April 25th, 2024

Five things to know for the figure skating world championships in Montreal

By Daniel Rainbird, The Canadian Press on March 19, 2024.

The world’s best figure skaters descend on Montreal this week for the 2024 International Skating Union world championships. Holly Harris and Jason Chan, from Australia, perform their ice dance routine during practice on Monday, March 18, 2024 in Montreal. THE CANADIAN PRESS/Ryan Remiorz

MONTREAL – The world’s best figure skaters descend on Montreal this week for the 2024 International Skating Union world championships.

The competition goes Wednesday through Saturday at the Bell Centre, home of the NHL’s Montreal Canadiens. Here’s a look at five things to know heading into the event:

BACK IN MONTREAL

Four years later, the world championships are back.

Montreal was supposed to host the worlds in 2020 but the COVID-19 pandemic shut down the competition mere days before it was set to begin.

Skate Canada submitted a new application to finally bring the worlds back to Quebec’s biggest city this year. It’s Montreal’s first time hosting the event since the first time it took place on Canadian soil in 1932.

It’s also Canada’s 11th time hosting the competition and its first time since 2013 in London, Ont.

HOME SOIL HOPES

Deanna Stellato-Dudek and Maxime Deschamps represent Canada’s best shot at a medal this week. The 40-year-old Stellato-Dudek and 32-year-old Deschamps are two-time reigning Canadian champions in pairs. They’ve also won three Grand Prix gold medals over the last two seasons and claimed first at the Four Continents Championships last month in Shanghai.

Stellato-Dudek and Deschamp finished fourth at the worlds last year. They enter this year’s competition ranked second in the ISU’s standings behind Italy’s Sara Conti and Niccolo Macii. Reigning gold medallists Riku Miura and Ryuichi Kihara of Japan are still returning to form after Kihara missed three months with a back injury late last year.

Decorated Canadian ice dancers Piper Gilles and Paul Poirier are hoping to upgrade the world championship bronze medals they’ve now won twice. Gilles and Poirier won Canada’s only medal with a third-place finish last year just months after Gilles underwent surgery for ovarian cancer. They also won bronze in 2021.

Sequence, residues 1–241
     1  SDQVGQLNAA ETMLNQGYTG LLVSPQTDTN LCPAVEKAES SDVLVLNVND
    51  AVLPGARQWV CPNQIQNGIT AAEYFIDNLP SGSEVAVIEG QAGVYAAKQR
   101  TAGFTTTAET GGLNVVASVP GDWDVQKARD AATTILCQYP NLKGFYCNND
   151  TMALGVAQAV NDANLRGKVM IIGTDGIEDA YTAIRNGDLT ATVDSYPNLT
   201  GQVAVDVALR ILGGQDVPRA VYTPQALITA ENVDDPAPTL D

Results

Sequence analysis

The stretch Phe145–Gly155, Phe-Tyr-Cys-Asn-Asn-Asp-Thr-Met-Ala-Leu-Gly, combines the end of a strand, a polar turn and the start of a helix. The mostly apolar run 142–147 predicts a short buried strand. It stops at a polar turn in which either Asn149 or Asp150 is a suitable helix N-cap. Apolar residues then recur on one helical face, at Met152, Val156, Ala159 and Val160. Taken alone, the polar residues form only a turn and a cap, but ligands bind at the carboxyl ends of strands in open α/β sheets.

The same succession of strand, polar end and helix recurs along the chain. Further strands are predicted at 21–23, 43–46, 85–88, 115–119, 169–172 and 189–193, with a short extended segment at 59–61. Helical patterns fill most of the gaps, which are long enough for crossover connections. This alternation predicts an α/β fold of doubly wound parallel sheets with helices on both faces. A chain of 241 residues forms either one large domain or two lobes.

The three-time national champions – including this January in Calgary – are coming off a gold medal of their own at the Four Continents and currently rank fourth in ISU ice dancing. Italy’s Charlene Guignard and Marco Fabbri are ranked first, while last year’s champions Madison Chock and Evan Bates of the U.S. – who train in Montreal – are third.

CANADIAN CONTROVERSY

The world championships are shrouded in some controversy after ice dancer Nikolaj Sorensen was named to Canada’s team for the competition despite facing sexual assault allegations.

Sorensen and partner Laurence Fournier Beaudry withdrew from the Canadian championship in January after USA Today reported an American figure skating coach and former skater accused Sorensen of sexually assaulting her in Hartford, Conn., in 2012. Sorensen has denied the allegations, which have not been proven in court.

Skate Canada chief executive officer Debra Armstrong said the federation did not consider leaving the duo off the Canadian team because they qualified through the selection criteria.

National champions in 2023, Sorensen and Fournier Beaudry returned to competition for the Four Continents and won a silver medal. They rank fifth in the ISU standings.

SINGLES SLUMP

Canada hasn’t won a worlds medal in singles since Kaetlyn Osmond captured gold in Milan in 2018 – and that isn’t likely to change this year.

Beijing Olympian Madeline Schizas of Oakville, Ont., is the lone Canadian women’s singles skater. A two-time national champion, Schizas fell short of a three-peat when she lost to 17-year-old Kaiya Ruiter in January. The 21-year-old Schizas has competed at three world championships, finishing a career-best 12th in 2022. She ranks 15th in the ISU standings.

Wesley Chiu of Vancouver and Roman Sadovsky of Vaughan, Ont., represent the Canadian men. Chiu, 18, won the national championship for a first time this year and will compete at his first worlds. He ranks 22nd, while Sadovsky is 35th. No Canadian man has medalled since Patrick Chan in 2013.

THREE-PEAT?

Uno Shoma and Sakamoto Kaori are going for three-peats in singles. The Japanese skaters will try to become the first man and woman to win three in a row simultaneously since Emmerich Danzer of Austria and Peggy Fleming of the U.S. did so from 1966 to 1968.

Sakamoto is a heavy favourite to make three-in-a-row on the women’s side. The 23-year-old put up a season-high score of 226.13 at Skate Canada last year and ranks first in the ISU standings. Sakamoto’s biggest challenger is Loena Hendrickx of Belgium, who won bronze in 2023 and silver in 2022.

Shoma faces a stiffer test. Rising 19-year-old American Ilia Malinin leads the ISU rankings with two Grand Prix gold medals this year, including a win over Shoma in the GP final in December. Olympic silver medallist Yuma Kagiyama of Japan and Adam Siao Him Fa of France have also won GP events this season.

This report by The Canadian Press was first published March 19, 2024.

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